This month in the Children’s Room of the New Albany-Floyd County Public Library, our staff book discussion (Reading Wildly) centered around nonfiction!
Nonfiction is a genre that some of my staff thought they had no interest in and I think it can definitely be a weak area for many librarians. We started our discussion by talking about the article I had passed out last month:
“Making Nonfiction Accessible for Young Readers” by Sue Christian Parsons (Reading Today, October/November 2012).
While this article is definitely geared towards teachers, we found lots to discuss. We talked about why teachers and librarians may not be as familiar with nonfiction as with fiction – because when we were kids nonfiction may not have been prioritized and a lot of what was being published was textbook-y and dry. Within the past 5-10 years, narrative nonfiction has exploded and there is a lot more available today then there was when we were growing up. Our job as librarians is to stay on top of what’s being published and be ready to recommend engaging nonfiction to teachers and to kids.
Outside of the classroom, some readers naturally gravitate towards nonfiction and we owe it to them to include nonfiction in our readers’ advisory arsenal. We talked about other uses for nonfiction, too. Adults may be looking for a brief overview of a topic, something they might find in a children’s book. And so much great narrative nonfiction is being published for young people that adults may be missing out if they skip over the children’s section altogether.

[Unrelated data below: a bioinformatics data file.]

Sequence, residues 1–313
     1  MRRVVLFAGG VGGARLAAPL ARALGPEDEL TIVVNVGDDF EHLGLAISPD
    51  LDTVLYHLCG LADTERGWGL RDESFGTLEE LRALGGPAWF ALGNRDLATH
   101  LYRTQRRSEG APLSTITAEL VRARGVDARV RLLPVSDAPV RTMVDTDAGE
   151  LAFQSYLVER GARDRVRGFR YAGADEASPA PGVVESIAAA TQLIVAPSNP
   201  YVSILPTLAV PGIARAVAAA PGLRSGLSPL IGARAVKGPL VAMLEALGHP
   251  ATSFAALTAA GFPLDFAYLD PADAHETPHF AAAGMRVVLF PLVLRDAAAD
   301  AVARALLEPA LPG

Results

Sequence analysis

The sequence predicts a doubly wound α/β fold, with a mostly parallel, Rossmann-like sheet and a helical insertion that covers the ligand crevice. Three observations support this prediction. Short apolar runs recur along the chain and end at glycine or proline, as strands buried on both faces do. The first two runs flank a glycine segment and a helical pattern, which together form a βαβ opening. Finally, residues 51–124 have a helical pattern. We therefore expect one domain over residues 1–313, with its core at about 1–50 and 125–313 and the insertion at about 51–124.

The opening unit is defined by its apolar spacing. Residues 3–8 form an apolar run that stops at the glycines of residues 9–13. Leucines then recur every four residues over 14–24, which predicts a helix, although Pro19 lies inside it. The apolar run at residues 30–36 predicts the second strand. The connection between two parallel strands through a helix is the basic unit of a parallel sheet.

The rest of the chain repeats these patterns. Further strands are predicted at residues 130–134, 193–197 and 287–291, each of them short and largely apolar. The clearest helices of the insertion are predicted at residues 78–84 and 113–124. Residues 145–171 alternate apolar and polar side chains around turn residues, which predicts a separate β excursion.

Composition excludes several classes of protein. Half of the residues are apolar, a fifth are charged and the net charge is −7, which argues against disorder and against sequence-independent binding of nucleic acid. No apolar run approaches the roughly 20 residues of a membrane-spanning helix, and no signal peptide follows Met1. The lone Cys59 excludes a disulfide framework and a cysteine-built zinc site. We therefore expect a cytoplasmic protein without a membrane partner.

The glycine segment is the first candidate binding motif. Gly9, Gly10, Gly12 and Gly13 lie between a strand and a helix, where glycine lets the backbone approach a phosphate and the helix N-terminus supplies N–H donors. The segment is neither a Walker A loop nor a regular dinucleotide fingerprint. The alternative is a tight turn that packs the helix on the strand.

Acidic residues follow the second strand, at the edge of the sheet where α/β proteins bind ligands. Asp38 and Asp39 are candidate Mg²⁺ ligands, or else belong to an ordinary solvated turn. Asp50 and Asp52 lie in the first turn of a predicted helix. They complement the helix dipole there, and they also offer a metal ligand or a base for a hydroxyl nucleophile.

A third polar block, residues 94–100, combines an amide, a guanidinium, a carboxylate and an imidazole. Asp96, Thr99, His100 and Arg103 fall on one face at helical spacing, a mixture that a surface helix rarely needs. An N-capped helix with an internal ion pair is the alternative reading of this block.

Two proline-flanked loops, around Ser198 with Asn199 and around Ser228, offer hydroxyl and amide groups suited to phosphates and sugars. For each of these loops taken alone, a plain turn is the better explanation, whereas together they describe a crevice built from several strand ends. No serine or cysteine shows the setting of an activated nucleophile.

And, of course, as more and more of our schools are moving to adopt Common Core standards, reading narrative nonfiction is going to become more and more prevalent in classrooms. Nonfiction picture books can be great tools, even in upper grades, to give students an overview of a topic. Keeping on top of nonfiction is essential! And my staff discovered that there are great, readable titles available if we look!
Here are the books my staff talked about this month:
- Amelia Lost: The Life and Disappearance of Amelia Earhart by Candance Fleming
- An American Plague: The True and Terrifying Story of the Yellow Fever Epidemic of 1793 by Jim Murphy
- Ballet for Martha: Making Appalachian Spring by Jan Greenburg
- The Code Talkers by Robert Daily
- Cowboy Up!: Ride the Navajo Rodeo by Nancy Bo Flood
- The Case of the Vanishing Golden Frogs by Sandra Markle
- The Fairy Ring, Or Elsie and Frances Fool the World by Mary Losure
- The Fantastic Undersea Life of Jacques Cousteau by Dan Yaccarino
- Haunted Histories by J.H. Everett
- Magic Treehouse Research Guides by Mary Pope Osborne (various volumes)
- Moonshot: The Flight of Apollo 11 by Brian Floca
- Play, Louis, Play!: The True Story of a Boy and his Horn by Muriel Harris Weinstein
- The Very Scary Almanac by Eric Elfman
- Who is J.K. Rowling? by Pam Pollack
For more information about our discussion and our monthly Reading Wildly program, please visit my blog, abbythelibrarian.com.